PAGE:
Part 2: “Why Americans Stink at Math,” and implications for digital learning

The last blog post explored the findings in Elizabeth Green’s forthcoming book, Building a Better Teacher, and identified parallels in digital education. A short excerpt about Common Core captures the issues:

“…teachers are once more being asked to unlearn an old approach and learn an entirely new one, essentially on their own. Training is still weak and infrequent, and principals — who are no more skilled at math than their teachers — remain unprepared to offer support.”

Replace “math” with “digital learning” in the above paragraph and it perfectly describes many digital learning implementations. The point about administrators being no more skilled than teachers is particularly applicable. Teachers are being asked to design, implement, and evaluate the many components of these new programs with little or no experience—and without administrators who are more experienced.

The risks and challenges that Green documents that are related to math instruction apply broadly to blended learning. Perhaps as importantly, they may foreshadow the way that a backlash could be generated against education reform that advocates for the use of digital content and tools. In discussing the counterattack against Common Core, she quotes a prominent and influential conservative:

By God,” wrote Erick Erickson, editor of the website RedState, in an anti-Common Core attack, is it such “a horrific idea that we might teach math the way math has always been taught.

I suppose the answer to Erickson’s question depends on whether one is satisfied with an education system in which one in five students don’t graduate from high school on time, in part due to students' inability to pass algebra, and between 20% and perhaps 35% of those who do graduate require remedial courses in college because they are unprepared to begin entry-level college study.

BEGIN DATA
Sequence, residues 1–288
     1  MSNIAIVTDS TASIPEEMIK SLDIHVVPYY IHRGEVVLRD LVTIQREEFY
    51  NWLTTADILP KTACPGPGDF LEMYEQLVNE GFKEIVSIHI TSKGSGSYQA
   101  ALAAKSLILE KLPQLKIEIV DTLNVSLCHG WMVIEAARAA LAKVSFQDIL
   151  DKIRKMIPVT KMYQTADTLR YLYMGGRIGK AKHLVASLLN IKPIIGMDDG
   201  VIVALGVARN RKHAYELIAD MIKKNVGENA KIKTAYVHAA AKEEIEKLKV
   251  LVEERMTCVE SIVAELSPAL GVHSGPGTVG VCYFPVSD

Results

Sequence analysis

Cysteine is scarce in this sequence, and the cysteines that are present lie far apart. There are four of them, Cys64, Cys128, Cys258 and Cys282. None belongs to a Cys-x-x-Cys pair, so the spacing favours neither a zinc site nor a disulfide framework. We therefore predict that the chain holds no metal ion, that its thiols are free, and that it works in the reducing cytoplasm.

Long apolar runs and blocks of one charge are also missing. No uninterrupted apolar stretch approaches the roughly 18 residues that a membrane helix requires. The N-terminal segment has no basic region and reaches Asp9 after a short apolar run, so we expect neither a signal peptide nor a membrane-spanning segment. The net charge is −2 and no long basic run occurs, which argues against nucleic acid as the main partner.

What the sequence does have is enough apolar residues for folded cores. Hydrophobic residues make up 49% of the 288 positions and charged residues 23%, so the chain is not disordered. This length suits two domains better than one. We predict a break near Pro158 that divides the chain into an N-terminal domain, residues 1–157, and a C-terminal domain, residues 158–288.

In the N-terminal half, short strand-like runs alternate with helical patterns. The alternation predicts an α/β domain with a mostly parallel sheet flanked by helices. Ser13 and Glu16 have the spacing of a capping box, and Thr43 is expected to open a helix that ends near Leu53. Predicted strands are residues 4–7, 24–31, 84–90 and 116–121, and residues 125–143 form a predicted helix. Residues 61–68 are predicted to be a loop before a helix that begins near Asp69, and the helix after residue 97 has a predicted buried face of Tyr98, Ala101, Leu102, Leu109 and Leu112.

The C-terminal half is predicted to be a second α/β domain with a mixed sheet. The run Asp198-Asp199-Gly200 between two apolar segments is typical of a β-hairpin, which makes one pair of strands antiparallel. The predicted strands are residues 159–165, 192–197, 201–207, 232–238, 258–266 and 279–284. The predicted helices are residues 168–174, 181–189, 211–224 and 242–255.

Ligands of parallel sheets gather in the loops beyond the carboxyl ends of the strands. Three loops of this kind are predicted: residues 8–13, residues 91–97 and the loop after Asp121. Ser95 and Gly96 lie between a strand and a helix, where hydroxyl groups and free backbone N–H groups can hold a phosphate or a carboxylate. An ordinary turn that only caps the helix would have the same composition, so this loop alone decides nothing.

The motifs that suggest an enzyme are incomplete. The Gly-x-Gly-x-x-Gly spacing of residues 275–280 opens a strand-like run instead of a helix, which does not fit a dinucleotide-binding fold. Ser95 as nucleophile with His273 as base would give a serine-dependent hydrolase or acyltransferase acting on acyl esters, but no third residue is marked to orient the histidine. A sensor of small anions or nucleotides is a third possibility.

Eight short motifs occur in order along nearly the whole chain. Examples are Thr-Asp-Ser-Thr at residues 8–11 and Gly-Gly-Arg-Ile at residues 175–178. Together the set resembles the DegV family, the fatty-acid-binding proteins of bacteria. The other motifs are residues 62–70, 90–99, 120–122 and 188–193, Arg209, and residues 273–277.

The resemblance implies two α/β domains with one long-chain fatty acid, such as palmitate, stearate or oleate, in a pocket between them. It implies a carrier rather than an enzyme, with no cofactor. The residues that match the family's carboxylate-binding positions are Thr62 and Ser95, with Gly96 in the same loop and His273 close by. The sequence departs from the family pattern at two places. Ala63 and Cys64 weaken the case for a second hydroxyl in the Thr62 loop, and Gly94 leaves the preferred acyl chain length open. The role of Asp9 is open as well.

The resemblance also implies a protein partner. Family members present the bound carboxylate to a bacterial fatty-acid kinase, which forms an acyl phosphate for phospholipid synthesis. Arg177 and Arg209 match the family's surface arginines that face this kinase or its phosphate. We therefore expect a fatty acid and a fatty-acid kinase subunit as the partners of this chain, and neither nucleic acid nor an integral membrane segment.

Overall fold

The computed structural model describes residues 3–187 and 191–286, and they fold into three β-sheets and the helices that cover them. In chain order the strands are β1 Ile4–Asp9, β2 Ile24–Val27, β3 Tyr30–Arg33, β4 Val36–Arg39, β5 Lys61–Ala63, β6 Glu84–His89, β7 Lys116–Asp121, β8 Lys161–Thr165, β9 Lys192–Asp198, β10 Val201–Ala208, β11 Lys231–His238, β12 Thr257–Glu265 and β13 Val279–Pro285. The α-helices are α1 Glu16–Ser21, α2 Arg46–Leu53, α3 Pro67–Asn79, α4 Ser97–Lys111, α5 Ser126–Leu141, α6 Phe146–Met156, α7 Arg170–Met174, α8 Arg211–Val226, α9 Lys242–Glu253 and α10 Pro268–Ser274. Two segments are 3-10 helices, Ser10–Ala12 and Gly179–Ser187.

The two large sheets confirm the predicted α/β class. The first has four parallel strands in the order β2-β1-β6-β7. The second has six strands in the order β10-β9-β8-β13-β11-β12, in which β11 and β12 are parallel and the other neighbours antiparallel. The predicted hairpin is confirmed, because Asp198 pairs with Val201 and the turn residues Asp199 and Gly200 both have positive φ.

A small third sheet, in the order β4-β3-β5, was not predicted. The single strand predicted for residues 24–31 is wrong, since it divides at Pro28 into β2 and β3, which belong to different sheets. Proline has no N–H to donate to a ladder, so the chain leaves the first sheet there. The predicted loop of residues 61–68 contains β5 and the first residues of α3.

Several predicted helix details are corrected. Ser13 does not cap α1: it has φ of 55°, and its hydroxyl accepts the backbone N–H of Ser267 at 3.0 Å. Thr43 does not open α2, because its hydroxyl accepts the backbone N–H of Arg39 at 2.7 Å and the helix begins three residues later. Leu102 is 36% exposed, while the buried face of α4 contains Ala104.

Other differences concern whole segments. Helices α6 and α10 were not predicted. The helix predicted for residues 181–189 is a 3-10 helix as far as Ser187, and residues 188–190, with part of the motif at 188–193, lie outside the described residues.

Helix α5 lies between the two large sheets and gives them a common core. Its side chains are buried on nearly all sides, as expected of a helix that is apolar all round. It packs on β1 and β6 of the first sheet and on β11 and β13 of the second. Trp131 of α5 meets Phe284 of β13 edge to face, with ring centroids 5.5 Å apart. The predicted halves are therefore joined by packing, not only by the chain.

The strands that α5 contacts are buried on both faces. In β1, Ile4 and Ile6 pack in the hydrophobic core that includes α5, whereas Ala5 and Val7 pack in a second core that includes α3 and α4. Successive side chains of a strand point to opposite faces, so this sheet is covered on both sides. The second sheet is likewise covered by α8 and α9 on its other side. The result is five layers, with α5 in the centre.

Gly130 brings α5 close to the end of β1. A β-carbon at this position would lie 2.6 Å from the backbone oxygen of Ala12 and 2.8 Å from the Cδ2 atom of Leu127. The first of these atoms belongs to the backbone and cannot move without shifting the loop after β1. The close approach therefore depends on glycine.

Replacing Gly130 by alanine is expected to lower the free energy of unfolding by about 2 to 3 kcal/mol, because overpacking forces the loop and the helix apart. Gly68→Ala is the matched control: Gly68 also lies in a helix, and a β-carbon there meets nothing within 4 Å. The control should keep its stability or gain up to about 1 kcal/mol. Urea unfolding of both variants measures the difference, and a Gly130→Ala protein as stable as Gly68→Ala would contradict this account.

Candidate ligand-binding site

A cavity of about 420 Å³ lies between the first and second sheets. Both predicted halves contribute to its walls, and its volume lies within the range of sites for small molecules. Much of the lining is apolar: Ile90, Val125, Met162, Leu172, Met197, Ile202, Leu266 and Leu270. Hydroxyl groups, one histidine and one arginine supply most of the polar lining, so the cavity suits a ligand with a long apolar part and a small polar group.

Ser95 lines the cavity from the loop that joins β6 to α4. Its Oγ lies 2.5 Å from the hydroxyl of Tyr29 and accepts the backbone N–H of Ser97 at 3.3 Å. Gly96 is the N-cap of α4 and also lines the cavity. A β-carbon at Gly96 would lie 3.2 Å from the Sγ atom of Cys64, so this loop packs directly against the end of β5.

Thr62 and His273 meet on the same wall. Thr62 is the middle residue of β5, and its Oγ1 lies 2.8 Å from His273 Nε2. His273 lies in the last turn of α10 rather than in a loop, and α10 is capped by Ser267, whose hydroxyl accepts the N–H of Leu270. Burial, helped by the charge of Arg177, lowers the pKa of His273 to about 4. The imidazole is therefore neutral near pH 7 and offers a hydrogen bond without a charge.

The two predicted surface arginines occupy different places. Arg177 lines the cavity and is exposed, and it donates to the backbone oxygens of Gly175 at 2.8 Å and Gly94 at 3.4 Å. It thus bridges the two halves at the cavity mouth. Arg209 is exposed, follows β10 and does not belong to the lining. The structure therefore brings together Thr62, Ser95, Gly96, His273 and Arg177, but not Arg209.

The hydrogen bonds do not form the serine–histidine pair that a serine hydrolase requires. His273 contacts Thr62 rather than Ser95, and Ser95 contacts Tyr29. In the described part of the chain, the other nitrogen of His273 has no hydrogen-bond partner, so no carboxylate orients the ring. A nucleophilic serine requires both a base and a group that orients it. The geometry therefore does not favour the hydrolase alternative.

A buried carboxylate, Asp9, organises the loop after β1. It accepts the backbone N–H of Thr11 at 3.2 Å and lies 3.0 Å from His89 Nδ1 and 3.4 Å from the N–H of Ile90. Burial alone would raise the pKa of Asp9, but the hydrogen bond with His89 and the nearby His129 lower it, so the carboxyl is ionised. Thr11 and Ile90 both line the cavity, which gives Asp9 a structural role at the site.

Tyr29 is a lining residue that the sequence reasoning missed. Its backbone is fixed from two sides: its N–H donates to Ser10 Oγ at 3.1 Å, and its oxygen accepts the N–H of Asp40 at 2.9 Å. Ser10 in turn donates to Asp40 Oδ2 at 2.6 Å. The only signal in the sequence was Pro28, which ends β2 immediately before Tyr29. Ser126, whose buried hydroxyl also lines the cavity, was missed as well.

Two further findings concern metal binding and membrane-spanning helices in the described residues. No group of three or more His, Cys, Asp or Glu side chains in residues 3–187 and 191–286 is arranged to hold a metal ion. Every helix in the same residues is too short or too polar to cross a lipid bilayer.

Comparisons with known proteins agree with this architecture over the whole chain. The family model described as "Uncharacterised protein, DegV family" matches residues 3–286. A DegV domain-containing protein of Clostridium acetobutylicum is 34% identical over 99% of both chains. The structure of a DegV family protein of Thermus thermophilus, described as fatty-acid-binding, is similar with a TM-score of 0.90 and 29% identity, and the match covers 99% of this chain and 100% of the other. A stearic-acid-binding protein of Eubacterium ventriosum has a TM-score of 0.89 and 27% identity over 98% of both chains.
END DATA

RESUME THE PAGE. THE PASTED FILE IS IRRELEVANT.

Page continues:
Whether the focus is on math or all of education, the failure of reforms—Common Core, personalized learning, or any other—gives room for opponents to say we should just do what we’ve always been doing. That sentiment subsequently paves the way for millions of additional students to drop out of high school or college, with all the attendant implications for jobs, income, and family and social stability.

But the long list of issues and concerns documented by Green shouldn’t lead us to throw up our hands and say, “it can’t be done.” Reform can be implemented successfully, and some schools are demonstrating the path forward. Those schools know, and this story reminds us, of several key principles of the change to digitally-enabled personalized learning:

  1. It requires extensive professional development for teachers and administrators. In most cases the time required to master these teaching techniques is far higher than the professional development time that educators receive.
  1. It is going to take years to implement. Advocates for blended learning must expect that for a sizable district, a large-scale change will take perhaps five years in order to introduce, pilot, evaluate, and grow it to the point of reaching most students.
  1. When hearing of a blended learning implementation, every advocate, researcher, and policymaker should ask the question,  "How much time is devoted to teacher and administrator professional development?" The common questions about digital content, technology platforms, devices, and Internet infrastructure, are all important but miss the hardest area to change—behavior in the classroom.
  1. Every person in charge of budgets should expect to see allocations for professional development that are much larger than they have typically been in the past. Every request for computers or digital content should be accompanied by an explanation of the professional development that will be tied to it.

A final quote from Green’s article in the New York Times captures this long-term thinking well, in a discussion of how Japan was able to change its approach to math instruction.

“Of all the lessons Japan has to offer the United States, the most important might be the belief in patience and the possibility of change. Japan, after all, was able to shift a country full of teachers to a new approach. Telling me his story, Kurita quoted what he described as an old Japanese saying about perseverance: “Sit on a stone for three years to accomplish anything.”

I don’t know that sitting on a stone will create change in education, but anticipating the need to be patient for three years seems about right.